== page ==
Monday, March 05, 2018

A good move

The Green Party has a reputation for clean and open government. And at their conference over the weekend, they reinforced that, announcing proactive release of Ministerial diaries and a ban on all MPs and staff accepting corporate gifts:

Green Party Co-leader James Shaw has today announced two important new transparency measures, which will apply to Green Party Ministers, MPs and staff, to help counter the influence of money in politics.

Green Party Ministers will soon proactively release their ministerial diaries, to show who they’ve met with and why. Additionally, Green Ministers, MPs and staff will not accept corporate hospitality, such as free tickets to events unrelated to their work.

Good. While nobody calls it that, corporate "hospitality" is simply a bribe, an attempt to gain favour by picking up minor (or major) expenses. Corporations don't do it unless they expect to gain from it, and the tale the pecuniary interest records tell of how such bribes are distributed show us that that is exactly what is going on. Its good to see a party living up to its values on eliminating corruption from politics, and its a challenge to other parties to follow suit.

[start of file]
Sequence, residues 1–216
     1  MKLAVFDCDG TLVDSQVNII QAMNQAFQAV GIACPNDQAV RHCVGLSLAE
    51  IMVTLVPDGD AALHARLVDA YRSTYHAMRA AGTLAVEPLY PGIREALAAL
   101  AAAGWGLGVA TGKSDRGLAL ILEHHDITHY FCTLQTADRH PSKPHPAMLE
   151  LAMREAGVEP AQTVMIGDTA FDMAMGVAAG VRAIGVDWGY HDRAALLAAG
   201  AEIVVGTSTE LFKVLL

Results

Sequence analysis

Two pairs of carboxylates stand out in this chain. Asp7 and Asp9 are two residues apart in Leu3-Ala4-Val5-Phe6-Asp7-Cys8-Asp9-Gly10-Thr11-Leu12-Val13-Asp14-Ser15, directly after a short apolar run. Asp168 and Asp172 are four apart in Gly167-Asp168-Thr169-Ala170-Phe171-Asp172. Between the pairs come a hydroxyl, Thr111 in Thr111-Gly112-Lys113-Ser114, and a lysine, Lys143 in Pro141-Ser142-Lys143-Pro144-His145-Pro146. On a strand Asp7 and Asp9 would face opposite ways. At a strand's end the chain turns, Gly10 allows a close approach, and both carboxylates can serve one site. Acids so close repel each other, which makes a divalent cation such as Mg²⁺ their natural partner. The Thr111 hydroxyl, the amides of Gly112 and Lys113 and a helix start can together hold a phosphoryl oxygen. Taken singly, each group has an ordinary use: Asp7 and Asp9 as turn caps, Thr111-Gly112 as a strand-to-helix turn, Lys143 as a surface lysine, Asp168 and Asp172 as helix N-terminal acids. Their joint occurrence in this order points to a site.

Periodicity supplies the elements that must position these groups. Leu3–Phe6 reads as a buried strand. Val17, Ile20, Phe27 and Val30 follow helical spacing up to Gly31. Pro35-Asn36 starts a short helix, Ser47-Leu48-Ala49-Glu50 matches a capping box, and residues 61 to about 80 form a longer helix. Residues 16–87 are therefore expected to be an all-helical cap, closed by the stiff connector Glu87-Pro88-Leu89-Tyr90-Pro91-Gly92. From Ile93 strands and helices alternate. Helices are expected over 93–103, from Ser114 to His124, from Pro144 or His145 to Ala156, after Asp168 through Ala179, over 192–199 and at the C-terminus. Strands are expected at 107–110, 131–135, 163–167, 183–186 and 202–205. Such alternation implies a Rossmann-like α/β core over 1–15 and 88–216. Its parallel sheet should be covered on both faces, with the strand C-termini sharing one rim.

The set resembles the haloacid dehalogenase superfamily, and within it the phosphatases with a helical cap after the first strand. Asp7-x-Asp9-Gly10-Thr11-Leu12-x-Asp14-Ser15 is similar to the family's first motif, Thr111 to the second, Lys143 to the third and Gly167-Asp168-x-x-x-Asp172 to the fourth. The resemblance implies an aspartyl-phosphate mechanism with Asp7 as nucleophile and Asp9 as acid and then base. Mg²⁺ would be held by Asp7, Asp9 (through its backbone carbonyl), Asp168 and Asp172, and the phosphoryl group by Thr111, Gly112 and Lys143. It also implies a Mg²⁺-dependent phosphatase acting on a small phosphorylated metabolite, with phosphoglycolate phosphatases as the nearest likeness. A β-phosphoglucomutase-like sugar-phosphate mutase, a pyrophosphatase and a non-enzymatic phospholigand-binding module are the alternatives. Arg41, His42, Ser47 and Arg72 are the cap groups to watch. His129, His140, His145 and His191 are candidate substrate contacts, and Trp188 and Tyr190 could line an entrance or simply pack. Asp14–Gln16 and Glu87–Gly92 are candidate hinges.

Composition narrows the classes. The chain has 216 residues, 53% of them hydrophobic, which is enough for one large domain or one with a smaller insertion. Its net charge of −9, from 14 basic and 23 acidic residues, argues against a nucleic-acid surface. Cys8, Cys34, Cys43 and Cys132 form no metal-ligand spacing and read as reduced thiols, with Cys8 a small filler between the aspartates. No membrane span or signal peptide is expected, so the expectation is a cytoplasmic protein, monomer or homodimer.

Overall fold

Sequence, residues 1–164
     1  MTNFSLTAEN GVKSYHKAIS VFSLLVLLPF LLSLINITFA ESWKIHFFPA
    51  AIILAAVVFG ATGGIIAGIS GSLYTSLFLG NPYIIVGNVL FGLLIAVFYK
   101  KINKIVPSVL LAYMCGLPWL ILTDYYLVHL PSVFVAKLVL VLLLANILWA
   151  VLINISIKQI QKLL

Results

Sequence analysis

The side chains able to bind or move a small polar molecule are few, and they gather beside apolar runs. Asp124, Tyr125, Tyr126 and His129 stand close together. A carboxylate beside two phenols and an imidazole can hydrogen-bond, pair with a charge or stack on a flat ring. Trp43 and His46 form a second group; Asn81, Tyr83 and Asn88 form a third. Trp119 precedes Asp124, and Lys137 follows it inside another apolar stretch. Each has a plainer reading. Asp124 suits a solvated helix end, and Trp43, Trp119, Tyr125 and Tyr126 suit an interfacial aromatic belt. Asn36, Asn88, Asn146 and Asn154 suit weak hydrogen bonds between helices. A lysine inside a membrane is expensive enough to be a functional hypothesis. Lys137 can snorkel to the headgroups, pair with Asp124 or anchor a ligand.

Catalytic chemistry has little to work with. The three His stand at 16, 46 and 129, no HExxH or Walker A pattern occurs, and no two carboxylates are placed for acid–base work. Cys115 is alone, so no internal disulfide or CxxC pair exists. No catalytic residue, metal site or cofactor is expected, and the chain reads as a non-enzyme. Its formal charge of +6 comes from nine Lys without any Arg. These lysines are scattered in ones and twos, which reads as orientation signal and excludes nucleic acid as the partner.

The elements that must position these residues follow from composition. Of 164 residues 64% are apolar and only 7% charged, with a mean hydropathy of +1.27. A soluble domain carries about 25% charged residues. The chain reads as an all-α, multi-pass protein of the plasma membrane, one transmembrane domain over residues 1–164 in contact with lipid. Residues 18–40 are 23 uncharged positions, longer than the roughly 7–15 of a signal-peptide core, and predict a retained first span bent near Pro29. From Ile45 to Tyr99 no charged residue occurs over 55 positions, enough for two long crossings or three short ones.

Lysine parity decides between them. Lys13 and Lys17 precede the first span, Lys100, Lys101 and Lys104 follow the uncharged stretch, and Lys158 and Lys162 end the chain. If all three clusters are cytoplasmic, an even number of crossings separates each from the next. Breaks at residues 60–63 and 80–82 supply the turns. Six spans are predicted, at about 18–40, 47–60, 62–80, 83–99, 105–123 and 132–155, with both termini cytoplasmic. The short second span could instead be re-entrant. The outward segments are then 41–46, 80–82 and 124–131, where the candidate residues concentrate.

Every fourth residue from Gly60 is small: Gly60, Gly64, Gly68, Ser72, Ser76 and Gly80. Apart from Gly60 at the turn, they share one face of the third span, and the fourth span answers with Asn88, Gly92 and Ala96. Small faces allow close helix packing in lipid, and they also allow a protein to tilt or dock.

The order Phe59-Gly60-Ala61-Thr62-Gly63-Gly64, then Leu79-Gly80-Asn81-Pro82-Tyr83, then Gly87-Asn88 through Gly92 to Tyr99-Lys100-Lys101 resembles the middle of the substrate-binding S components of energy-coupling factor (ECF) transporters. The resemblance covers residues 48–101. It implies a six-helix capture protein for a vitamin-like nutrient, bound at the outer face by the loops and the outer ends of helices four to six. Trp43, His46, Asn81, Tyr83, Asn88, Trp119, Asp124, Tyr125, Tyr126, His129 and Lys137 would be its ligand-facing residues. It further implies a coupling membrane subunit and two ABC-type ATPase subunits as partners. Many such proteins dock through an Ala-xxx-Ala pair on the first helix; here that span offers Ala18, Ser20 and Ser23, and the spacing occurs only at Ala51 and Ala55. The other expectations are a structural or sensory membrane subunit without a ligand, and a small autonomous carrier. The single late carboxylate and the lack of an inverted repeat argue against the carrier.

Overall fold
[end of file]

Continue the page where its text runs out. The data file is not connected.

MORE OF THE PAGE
But while media attention has focused on the refusing bribes aspect, the proactive release of Ministerial diaries may be more far-reaching. This is something transparency advocates have been calling for for years, because it will expose who is attempting to influence Ministers. Lobbying is so effective partly because it is secret, behind closed doors. Being able to connect the dots between Ministerial meetings and policy changes will mean exposing that influence, and force Ministers to either publicly justify policies, or refuse lobbyists' demands. And that's good for the public.

It also puts Labour's "Minister for Open Government" to shame. Shouldn't she be announcing measures like this? Or does their view of "open government" not actually extend to real openness?